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Former El Real Employees Plan More Protests Demanding Unpaid Wages [Updated]

A local activist group has launched a GoFundMe to help employees facing rent and other bills as they wait for paychecks

The neon marquee at El Real
Philip Lange /
Amy McCarthy is a reporter at, focusing on pop culture, policy and labor, and only the weirdest online trends.

Hours after the closure of Montrose Tex-Mex restaurant El Real was announced — and its former employees protested in front of the restaurant demanding unpaid wages — a GoFundMe account is now raising funds for those impacted by the sudden shutter.

The GoFundMe fundraiser, organized by members of Houston’s Democratic Socialists of America chapter, launched late Monday night in an attempt to help affected employees pay their bills as they await their final paychecks from El Real. “This is the end of the month, and rent and bills are due this week,” the fundraiser’s description reads. “At least one worker is pregnant, many have children, and many live paycheck to paycheck. Workers at El Real need anything you can give to help as they demand that Bryan Caswell pay them.”

As Eater reported yesterday, several former El Real workers have alleged bounced paychecks and missed payments in the months leading up to the restaurant’s sudden shutter. Some of those former employees incurred fees from their banks related to the bounced checks, while others told Eater that they were owed hundreds of dollars and that the restaurant wasn’t able to pay vendors for key ingredients like tomatoes in its final days.

A spokesperson from the Houston DSA chapter tells Eater that it has been organizing workers impacted by the closure, who plan to protest out in front of Reef again on Tuesday morning. The group has also encouraged workers and their supporters to tweet their personal stories at public officials and Caswell himself using the hashtag #CaswellPayUsNow. Scope out some of those stories below:

On Tuesday afternoon, a former El Real employee addressed the Houston City Council and Mayor Sylvester Turner directly. According to a source who attended the meeting, Mayor Turner thanked the employee for “standing up for all of the workers” and noted that his office would reach out to see what it could do to “mediate” the issue.

Video of the meeting posted to Houston Television’s website shows former El Real employee Evelyn Barrios explaining the situation to the Council and Turner. “About 50 people have not paid. We call him, he dodges our calls. His checks have been bouncing for over three months,” she says.” “You have people who have not been paid for two pay periods, three, a whole month. We put our checks in the bank account, they bounce, we get the charge and no money.”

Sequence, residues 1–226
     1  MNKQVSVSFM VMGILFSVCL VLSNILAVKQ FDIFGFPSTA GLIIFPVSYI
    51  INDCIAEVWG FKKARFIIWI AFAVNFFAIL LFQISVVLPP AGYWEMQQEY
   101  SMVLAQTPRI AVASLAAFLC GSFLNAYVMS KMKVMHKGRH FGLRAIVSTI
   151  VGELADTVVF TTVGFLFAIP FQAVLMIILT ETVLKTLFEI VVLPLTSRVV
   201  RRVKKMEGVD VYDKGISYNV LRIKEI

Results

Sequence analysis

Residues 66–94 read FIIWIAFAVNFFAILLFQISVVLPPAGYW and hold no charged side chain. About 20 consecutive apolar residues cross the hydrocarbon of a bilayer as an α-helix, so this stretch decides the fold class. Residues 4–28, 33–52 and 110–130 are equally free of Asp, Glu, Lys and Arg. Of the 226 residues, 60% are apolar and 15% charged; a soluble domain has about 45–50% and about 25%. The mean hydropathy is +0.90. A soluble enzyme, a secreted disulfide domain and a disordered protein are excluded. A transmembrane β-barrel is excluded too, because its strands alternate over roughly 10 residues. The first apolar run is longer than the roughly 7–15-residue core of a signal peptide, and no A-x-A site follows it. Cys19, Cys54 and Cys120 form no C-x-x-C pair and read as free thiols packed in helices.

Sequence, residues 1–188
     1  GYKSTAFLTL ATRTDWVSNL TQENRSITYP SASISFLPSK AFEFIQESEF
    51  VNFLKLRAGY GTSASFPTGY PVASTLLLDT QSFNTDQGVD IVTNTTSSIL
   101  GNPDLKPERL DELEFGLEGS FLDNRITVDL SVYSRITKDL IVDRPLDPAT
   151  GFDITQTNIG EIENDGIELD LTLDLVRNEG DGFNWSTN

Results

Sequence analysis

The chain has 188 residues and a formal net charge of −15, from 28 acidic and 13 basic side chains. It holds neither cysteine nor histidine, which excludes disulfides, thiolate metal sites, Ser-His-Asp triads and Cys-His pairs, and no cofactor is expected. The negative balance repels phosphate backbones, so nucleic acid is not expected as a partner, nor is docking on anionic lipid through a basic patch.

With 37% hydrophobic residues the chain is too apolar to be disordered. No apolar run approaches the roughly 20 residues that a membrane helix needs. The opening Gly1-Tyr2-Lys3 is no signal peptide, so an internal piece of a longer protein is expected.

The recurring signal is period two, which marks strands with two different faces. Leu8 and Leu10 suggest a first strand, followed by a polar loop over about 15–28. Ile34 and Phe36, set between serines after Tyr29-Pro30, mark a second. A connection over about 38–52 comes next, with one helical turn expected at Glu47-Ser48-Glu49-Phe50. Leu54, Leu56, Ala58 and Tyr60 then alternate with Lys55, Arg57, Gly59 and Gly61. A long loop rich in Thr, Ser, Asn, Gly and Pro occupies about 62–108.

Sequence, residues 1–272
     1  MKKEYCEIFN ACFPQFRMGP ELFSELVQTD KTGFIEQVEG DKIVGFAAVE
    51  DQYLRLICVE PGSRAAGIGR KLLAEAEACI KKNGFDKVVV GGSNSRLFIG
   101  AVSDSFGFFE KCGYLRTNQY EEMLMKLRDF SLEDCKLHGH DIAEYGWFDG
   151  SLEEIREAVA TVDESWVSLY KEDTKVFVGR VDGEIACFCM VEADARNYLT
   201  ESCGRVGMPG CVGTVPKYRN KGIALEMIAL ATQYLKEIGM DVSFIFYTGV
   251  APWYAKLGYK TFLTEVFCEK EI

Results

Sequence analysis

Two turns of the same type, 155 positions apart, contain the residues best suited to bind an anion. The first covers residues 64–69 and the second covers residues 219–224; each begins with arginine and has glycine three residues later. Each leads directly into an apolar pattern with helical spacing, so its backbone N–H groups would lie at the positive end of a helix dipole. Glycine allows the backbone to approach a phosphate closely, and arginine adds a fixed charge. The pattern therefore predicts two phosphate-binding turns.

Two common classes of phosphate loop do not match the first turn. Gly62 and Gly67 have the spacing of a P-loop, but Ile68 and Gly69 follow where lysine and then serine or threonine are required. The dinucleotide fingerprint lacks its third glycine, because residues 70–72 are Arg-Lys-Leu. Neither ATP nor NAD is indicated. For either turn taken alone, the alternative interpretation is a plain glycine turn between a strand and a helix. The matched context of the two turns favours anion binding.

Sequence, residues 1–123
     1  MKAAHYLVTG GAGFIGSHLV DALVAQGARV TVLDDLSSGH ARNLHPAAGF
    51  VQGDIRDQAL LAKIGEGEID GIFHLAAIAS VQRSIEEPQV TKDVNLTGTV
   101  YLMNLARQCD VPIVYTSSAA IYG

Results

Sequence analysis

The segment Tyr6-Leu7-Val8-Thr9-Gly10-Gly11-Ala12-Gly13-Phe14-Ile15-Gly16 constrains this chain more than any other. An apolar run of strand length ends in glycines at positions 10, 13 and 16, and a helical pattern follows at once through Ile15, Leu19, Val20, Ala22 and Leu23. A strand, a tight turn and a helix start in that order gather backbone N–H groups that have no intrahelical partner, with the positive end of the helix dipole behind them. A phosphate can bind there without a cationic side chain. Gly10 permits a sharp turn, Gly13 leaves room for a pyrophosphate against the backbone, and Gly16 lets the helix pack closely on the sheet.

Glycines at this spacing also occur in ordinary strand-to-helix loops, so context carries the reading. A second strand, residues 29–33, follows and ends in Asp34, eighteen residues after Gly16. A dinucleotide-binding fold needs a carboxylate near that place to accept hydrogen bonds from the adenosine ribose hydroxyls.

In her public comment, Barrios said that she chose to speak up for her coworkers because some were too scared to protest based on their legal status. She also said that Caswell threatened her with legal action if she posted anything negative about his restaurants on social media. “This is how the rich stay richer and the poor stay poor,” Barrios said. “He knows that I have no money for a lawyer, he knows I’m a minority.”

In response to Barrios’s comment, Turner expressed both sympathy for the employees and an intention to reach out to Caswell for a resolution. “Let me thank you for standing up, not only for yourself, but for the others as well. Let us reach out and see what we can to do encourage him to pay all of his employees what he owes them,” Turner said. “Right is right, and you certainly are entitled based on what you’re saying to us to your pay. Let us reach out and see if we can mediate this situation.” Council member Jack Christie echoed Turner’s sympathy, and encouraged Barrios and other affected employees to seek out pro-bono legal representation.

Owner Bryan Caswell has provided conflicting statements to Houston media outlets about the payments after news of the allegations broke. First, he told the Houston Chronicle that the restaurant had “no back pay issues,” then told ABC13’s Miya Shay that he plans to send all affected employees their unpaid wages by the end of the week. On Monday, a rep for Caswell declined to provide answers to specific questions from Eater about the allegations from his former employees. Perhaps not surprisingly, some of the former staffers that spoke to Eater are skeptical that those checks will ever arrive.

Another resource available to impacted El Real employees is chef Chris Shepherd’s Southern Smoke Foundation’s Emergency Relief Fund, which provides financial assistance to service industry professionals in times of crisis. They’ve got real experience in handling these issues, too — in October alone, the organization’s website boasts that it has distributed more than $48,000 in direct cash grants to service industry professionals in need via its Emergency Relief Fund, and in 2017, handed out more than $500,000 to businesses and individuals impacted by Hurricane Harvey.

As of press time, the GoFundMe for El Real employees has not yet reached its initial goal of $4,000 in donations. Stay tuned for updates.